- The Washington Times - Sunday, June 6, 2004

The following are key dates in the life of Ronald Reagan:

Feb. 6, 1911: Born in Tampico, Ill., the younger of two sons of Nelle and John Reagan.

1932: Graduates from Eureka College, Eureka, Ill.

1932-1937: Works as radio announcer at WOC, Davenport, Iowa, and then WHO, Des Moines.

1937: Makes film debut with “Love Is on the Air.”

Jan. 26, 1940: Marries Jane Wyman, actress. Children: Maureen, born 1941; adopted son Michael, born 1945; and Christine, born four months premature in 1947 and died the next day. Marriage ends in divorce in 1949.

1940: Plays “the Gipper” in “Knute Rockne: All-American,” one of his best-known roles.

1942-45: Serves war effort by making air force training films.

1947: Becomes president of the Screen Actors Guild.

March 4, 1952. Marries Nancy Davis, actress. Children: Patti, born 1952; and Ronald, born 1958.

1952, 1956, 1960: Though a Democrat, campaigns for Republicans Dwight D. Eisenhower, Richard Nixon. Formally switches to Republican Party in 1962.

1954-62: Works as host and performer on General Electric Theater, tours as speaker for GE.

Oct. 27, 1964: Gives influential speech in favor of GOP presidential candidate Arizona Sen. Barry Goldwater.

Nov. 8, 1966: Elected California governor over incumbent Democrat Edmund G. “Pat” Brown.

1968: Makes last-minute bid for Republican presidential nomination.

Nov. 3, 1970: Elected to second term as governor.

1976: Challenges President Ford unsuccessfully in the Republican primaries.

Nov. 4, 1980: Elected president over incumbent Jimmy Carter, garnering 51.6 percent of the popular vote to 41.7 percent for Mr. Carter and 6.7 percent for independent John Anderson.

Jan. 20, 1981: Sworn in as 40th president of the United States. Iranian hostages released.

March 30, 1981: Wounded by one of six shots fired by a would-be assassin as he left a Washington hotel after giving a speech.

July 7, 1981: Announces he is nominating Arizona Judge Sandra Day O’Connor to become the first female justice on the U.S. Supreme Court.

August 1981: Fires more than 11,000 air-traffic controllers after they go out on strike against the Federal Aviation Administration.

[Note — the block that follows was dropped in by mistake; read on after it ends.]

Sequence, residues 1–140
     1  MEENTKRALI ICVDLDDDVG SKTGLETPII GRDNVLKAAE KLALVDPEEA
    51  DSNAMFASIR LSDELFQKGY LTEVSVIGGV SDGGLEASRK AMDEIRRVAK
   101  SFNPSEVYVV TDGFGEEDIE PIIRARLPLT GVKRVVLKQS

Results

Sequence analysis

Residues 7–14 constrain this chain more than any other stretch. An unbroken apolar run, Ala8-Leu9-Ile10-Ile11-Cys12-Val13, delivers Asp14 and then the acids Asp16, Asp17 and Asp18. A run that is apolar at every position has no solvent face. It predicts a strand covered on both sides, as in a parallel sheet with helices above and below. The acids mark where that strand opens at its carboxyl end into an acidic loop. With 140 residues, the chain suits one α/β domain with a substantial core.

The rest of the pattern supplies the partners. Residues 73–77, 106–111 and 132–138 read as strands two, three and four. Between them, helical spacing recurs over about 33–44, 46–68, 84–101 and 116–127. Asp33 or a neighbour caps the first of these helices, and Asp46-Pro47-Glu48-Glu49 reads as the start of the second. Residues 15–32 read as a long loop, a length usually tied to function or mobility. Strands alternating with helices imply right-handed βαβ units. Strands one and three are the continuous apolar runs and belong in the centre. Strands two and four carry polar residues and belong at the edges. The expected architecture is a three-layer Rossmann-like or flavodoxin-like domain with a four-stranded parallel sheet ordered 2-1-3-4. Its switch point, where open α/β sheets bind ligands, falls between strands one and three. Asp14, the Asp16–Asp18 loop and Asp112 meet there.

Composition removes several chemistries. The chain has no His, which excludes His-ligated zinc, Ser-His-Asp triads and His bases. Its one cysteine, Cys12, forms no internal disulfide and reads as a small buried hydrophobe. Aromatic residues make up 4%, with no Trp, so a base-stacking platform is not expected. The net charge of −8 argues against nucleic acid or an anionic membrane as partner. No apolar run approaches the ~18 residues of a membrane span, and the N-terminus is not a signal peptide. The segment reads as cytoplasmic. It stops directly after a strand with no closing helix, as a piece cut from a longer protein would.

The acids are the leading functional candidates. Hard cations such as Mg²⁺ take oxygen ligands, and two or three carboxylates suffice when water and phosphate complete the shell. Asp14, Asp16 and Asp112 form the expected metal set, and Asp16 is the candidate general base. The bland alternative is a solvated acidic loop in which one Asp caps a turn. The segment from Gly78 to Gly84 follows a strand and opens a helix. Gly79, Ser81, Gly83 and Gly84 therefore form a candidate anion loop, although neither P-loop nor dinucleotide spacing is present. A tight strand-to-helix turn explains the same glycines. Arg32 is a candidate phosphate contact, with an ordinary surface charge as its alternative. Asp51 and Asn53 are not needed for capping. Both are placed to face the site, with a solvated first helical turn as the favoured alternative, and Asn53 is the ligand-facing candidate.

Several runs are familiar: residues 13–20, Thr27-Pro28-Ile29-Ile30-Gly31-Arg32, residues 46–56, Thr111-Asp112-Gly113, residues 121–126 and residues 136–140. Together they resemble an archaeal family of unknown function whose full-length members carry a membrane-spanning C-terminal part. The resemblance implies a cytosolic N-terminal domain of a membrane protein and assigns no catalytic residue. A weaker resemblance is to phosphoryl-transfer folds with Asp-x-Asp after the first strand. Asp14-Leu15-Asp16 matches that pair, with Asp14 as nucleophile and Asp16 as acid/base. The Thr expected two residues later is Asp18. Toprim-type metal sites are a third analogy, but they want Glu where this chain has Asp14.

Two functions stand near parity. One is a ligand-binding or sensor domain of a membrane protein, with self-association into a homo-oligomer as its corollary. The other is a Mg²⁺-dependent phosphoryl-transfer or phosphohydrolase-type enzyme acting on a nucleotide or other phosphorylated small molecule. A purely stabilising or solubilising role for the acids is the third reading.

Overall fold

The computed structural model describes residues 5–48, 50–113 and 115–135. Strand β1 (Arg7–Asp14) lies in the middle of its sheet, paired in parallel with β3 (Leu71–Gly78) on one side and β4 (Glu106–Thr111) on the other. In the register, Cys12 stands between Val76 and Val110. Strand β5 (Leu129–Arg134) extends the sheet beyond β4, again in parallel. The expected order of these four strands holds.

Oct. 25, 1983: U.S. troops invade island of Grenada after a leftist coup there.

Nov. 6, 1984: Re-elected, besting former Vice President Walter Mondale with nearly 60 percent of the popular vote. He took 49 out of 50 states for an Electoral College vote of 525-13, the most lopsided since Franklin Roosevelt defeated Alf Landon in 1936.

Nov. 19-21, 1985: Summit in Geneva with Soviet leader Mikhail Gorbachev. Mr. Reagan calls it a “fresh start” in U.S.-Soviet relations.

April 15, 1986: United States launches an air raid against Libya in response to the bombing of a discotheque in Berlin 10 days earlier.

Oct. 11-12, 1986: Summit in Reykjavik, Iceland, on arms reduction and U.S. Strategic Defense Initiative.

November 1986: The Iran-Contra affair becomes public. White House admits selling arms to Iran, but denies it sold arms for hostages. Later in the month, Mr. Reagan announces aide Oliver North has been fired and National Security Adviser John Poindexter has resigned. It is disclosed that up to $30 million in arms-sale profits were diverted to Nicaraguan rebels.

March 4, 1987: Mr. Reagan acknowledges in a televised speech that his Iranian initiative deteriorated into an arms-for-hostages deal, saying, “It was a mistake.”

Oct. 23, 1987: Senate rejects Mr. Reagan’s nomination of Judge Robert H. Bork for the Supreme Court.

Dec. 8-10, 1987: At a summit in Washington, Mr. Reagan and Mr. Gorbachev sign treaty to eliminate intermediate-range nuclear forces, but disagreement over the Strategic Defense Initiative blocks progress on a strategic arms reduction treaty.

May 29-June 2, 1988: At a summit in Moscow, Mr. Reagan and Mr. Gorbachev exchange ratified texts of the INF treaty, discuss strategic and conventional arms and stroll in Red Square.

January 1989: Returns to California after second term ends.

November 1990: Publishes his memoir, “An American Life.”

Nov. 4, 1991: Reagan presidential library in Simi Valley, Calif., dedicated with President Bush and former Presidents Jimmy Carter, Gerald R. Ford and Richard M. Nixon in attendance.

Nov. 5, 1994: Discloses he had been diagnosed with Alzheimer’s disease.

Aug. 8, 2001: Daughter Maureen dies of cancer.

Oct. 11, 2001: Becomes the longest-lived president ever, having lived 33,120 days. The nation’s second chief executive, John Adams, lived 33,119 days, from 1735 to 1826.

July 12, 2003: U.S. Navy commissions its newest aircraft carrier, the USS Ronald Reagan, the first carrier to be named for a living president.

June 5, 2004: Mr. Reagan dies at 93.


Copyright © 2018 The Washington Times, LLC. Click here for reprint permission.

The Washington Times Comment Policy

The Washington Times welcomes your comments on Spot.im, our third-party provider. Please read our Comment Policy before commenting.


Click to Read More and View Comments

Click to Hide